Consumers of luxury brands were initially classified into Experientialists, Connoisseurs, Flaunters and Aesthetes. Now, we have Gen-Z M.

Luxury brands need to first understand their choices and preferences – what dazzles them and then fine-tune the marketing and product strategies. Let me describe Gen-Z M mindset and give a solution for the luxury brands to follow.

– To Gen-Z M it is very important for a brand to be conscious of the environment. So sustainability has become a key word for all brands to look into and adopt.
Solution: Luxury brands need to look into the fairness of their sourcing channels so that there is no exploitation of humans or animals such as for exotic leather.

–  Gen-Z M are always connected, so they know the latest trends in luxury, fashion and technology across the globe.
Solution: So luxury brands need to change their area of marketing to social media – Instagram, Facebook, Whatsapp, etc., and make available their products across geographies. With Covid, the focus on digital marketing has gone up manifold.

–    Gen-Z M are impatient and will always want their preferred product yesterday.
Solution: Brands need to be responsive on social media handles and fast at delivering solutions to the problems posted.

–   Gen-Z are impulsive buyers.
Solution: Brands need to use this impulse for their benefit and incorporate this into marketing strategy.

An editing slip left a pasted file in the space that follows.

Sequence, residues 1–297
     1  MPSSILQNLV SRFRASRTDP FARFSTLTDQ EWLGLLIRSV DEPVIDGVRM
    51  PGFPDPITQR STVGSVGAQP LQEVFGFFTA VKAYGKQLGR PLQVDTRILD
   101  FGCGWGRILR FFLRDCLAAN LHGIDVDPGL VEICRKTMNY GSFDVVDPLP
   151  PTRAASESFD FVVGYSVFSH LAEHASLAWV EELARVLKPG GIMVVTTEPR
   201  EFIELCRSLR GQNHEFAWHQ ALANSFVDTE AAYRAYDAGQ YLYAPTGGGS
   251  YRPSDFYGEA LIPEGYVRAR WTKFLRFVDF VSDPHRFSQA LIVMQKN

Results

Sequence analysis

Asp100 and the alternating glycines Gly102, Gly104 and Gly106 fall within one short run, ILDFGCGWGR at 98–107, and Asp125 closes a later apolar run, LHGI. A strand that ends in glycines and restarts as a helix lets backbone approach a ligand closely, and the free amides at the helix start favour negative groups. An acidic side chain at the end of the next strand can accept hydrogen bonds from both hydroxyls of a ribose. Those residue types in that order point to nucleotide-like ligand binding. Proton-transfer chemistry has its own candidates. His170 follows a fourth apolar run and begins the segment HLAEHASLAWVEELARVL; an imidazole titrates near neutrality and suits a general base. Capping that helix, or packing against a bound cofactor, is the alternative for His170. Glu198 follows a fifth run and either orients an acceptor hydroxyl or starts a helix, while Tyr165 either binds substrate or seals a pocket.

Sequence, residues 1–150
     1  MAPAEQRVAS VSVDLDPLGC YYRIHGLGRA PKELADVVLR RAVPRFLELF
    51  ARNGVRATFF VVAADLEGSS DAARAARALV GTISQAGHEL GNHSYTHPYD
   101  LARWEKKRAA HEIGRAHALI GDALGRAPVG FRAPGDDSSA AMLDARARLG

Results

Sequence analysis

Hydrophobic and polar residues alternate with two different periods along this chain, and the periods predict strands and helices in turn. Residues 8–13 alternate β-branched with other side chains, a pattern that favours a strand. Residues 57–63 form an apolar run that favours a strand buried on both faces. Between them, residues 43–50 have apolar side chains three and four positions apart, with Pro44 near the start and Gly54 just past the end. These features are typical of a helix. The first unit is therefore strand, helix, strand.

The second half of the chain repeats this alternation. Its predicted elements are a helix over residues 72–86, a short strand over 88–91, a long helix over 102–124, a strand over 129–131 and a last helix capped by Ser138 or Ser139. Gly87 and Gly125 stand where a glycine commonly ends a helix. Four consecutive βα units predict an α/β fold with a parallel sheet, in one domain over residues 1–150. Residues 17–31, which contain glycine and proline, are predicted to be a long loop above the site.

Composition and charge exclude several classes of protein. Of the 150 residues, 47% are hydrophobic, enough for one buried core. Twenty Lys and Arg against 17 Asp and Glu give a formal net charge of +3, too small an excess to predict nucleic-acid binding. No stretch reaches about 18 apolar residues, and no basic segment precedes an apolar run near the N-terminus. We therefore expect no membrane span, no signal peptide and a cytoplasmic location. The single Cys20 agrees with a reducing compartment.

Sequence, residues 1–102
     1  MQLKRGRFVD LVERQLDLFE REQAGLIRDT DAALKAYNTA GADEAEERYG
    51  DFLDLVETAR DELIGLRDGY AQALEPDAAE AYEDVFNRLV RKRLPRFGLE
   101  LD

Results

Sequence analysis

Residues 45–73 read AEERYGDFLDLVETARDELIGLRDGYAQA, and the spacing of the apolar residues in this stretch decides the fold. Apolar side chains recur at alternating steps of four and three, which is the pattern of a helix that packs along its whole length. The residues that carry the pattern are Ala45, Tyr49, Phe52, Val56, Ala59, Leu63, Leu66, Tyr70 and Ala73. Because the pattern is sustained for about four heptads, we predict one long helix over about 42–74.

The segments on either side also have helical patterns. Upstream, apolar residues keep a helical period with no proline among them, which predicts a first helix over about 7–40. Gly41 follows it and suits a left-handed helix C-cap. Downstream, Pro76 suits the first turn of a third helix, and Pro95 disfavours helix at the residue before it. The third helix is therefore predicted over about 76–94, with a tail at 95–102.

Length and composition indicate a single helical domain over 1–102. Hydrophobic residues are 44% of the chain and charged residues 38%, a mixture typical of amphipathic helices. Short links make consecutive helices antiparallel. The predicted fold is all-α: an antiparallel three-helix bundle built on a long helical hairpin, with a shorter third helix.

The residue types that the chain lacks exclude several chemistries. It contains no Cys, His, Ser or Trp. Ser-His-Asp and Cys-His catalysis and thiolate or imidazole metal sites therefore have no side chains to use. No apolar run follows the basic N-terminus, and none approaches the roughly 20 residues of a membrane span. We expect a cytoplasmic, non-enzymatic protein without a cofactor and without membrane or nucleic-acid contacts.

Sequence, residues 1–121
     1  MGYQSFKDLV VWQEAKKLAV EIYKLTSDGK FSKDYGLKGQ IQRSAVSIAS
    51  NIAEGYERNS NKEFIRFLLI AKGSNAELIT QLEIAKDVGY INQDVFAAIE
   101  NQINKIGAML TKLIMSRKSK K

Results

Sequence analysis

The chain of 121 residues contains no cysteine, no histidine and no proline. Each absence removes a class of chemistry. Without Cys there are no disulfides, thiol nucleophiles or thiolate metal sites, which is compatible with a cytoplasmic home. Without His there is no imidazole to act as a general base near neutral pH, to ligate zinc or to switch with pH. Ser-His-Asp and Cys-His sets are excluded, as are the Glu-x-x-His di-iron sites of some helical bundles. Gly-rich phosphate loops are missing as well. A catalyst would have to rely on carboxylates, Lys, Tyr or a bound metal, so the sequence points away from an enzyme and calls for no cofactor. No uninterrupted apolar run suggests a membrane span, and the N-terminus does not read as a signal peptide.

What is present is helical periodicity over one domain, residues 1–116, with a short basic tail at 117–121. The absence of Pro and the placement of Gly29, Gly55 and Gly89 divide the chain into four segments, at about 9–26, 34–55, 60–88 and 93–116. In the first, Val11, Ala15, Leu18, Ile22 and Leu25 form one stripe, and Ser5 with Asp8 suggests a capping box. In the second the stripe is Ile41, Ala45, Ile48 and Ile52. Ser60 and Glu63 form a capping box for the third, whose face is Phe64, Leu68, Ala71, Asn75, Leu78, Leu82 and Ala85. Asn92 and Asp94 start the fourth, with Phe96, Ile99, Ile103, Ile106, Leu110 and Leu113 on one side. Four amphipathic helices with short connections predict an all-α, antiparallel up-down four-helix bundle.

–  They will not bat an eyelid before changing their preferred brand. So NEVER, take brand loyalty for granted.
Solution: Brands need to stay connected with Gen-Z M and use AI to understand their needs and suggest options even before they realise they need it.

–    Luxury brands have to bring in a “cool” quotient to woo them. Traditional excellence will not work well.
Solution: A great example is Apple watch and brands can look at how Apple created this aspiration for its products, not only among GenZ but also among Gen-Z M. Use of social media influencers, as opposed to old legends, is a great way to earn the “cool” badge for your products.

Last, but not the least, let me leave you with something to think about: post Covid, China is all set to become the highest consumer of luxury in the world with the biggest push from Gen-Z M.

Prof (Dr) Mahul Brahma is a Professor and Dean-School of Media and Communication at Adamas University. He is a Visiting Research Fellow at School of Art, Film and Media in Bath Spa University, UK. He is a TEDx Speaker, Luxury Commentator, Chief Editor, Columnist, and Author of six books — The Mythic Value of Luxury, How to Communicate Strategically in Corporate World, Quarantined: Love in the time of Corona, Decoding Luxe, Dark Luxe and Luxe Inferno. He is a D.Litt in Luxury and Communication and PhD in Economics. He is an alumnus of IIM Calcutta, MICA, St Xavier’s College, and University of Cambridge Judge Business School. He has won several national-level awards as an author and communications leader. He was head of CSR, Corporate Communications, Branding, and Publications with a Tata group company. His first short film was screened at the Cannes Film Festival. He is a painter and an avid golfer. mahul.brahma@gmail.com